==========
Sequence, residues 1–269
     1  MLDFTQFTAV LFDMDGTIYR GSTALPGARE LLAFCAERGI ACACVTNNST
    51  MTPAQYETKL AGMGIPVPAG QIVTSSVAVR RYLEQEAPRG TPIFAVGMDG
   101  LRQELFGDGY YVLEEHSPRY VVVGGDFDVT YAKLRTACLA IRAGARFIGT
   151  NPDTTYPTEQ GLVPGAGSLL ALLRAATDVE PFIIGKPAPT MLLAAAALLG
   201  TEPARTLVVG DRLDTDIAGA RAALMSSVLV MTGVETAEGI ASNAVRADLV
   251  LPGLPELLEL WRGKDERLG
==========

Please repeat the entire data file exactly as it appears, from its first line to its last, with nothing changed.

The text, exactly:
Sequence, residues 1–269
     1  MLDFTQFTAV LFDMDGTIYR GSTALPGARE LLAFCAERGI ACACVTNNST
    51  MTPAQYETKL AGMGIPVPAG QIVTSSVAVR RYLEQEAPRG TPIFAVGMDG
   101  LRQELFGDGY YVLEEHSPRY VVVGGDFDVT YAKLRTACLA IRAGARFIGT
   151  NPDTTYPTEQ GLVPGAGSLL ALLRAATDVE PFIIGKPAPT MLLAAAALLG
   201  TEPARTLVVG DRLDTDIAGA RAALMSSVLV MTGVETAEGI ASNAVRADLV
   251  LPGLPELLEL WRGKDERLG